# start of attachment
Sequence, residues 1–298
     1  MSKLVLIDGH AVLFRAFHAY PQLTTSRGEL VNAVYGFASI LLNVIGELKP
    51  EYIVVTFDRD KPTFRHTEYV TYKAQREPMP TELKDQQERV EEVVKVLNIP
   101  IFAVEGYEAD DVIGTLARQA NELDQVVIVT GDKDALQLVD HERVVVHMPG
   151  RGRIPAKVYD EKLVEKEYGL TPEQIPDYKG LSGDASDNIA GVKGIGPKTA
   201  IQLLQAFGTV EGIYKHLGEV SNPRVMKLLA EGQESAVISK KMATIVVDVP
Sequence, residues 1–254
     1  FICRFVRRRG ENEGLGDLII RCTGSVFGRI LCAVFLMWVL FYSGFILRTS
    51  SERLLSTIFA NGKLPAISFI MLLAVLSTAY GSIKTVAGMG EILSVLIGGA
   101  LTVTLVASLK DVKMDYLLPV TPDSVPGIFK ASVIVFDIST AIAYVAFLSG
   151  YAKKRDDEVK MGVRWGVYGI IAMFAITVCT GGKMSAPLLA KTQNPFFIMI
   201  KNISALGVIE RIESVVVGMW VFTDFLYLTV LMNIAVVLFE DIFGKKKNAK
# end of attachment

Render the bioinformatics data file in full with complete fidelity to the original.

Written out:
Sequence, residues 1–298
     1  MSKLVLIDGH AVLFRAFHAY PQLTTSRGEL VNAVYGFASI LLNVIGELKP
    51  EYIVVTFDRD KPTFRHTEYV TYKAQREPMP TELKDQQERV EEVVKVLNIP
   101  IFAVEGYEAD DVIGTLARQA NELDQVVIVT GDKDALQLVD HERVVVHMPG
   151  RGRIPAKVYD EKLVEKEYGL TPEQIPDYKG LSGDASDNIA GVKGIGPKTA
   201  IQLLQAFGTV EGIYKHLGEV SNPRVMKLLA EGQESAVISK KMATIVVDVP
Sequence, residues 1–254
     1  FICRFVRRRG ENEGLGDLII RCTGSVFGRI LCAVFLMWVL FYSGFILRTS
    51  SERLLSTIFA NGKLPAISFI MLLAVLSTAY GSIKTVAGMG EILSVLIGGA
   101  LTVTLVASLK DVKMDYLLPV TPDSVPGIFK ASVIVFDIST AIAYVAFLSG
   151  YAKKRDDEVK MGVRWGVYGI IAMFAITVCT GGKMSAPLLA KTQNPFFIMI
   201  KNISALGVIE RIESVVVGMW VFTDFLYLTV LMNIAVVLFE DIFGKKKNAK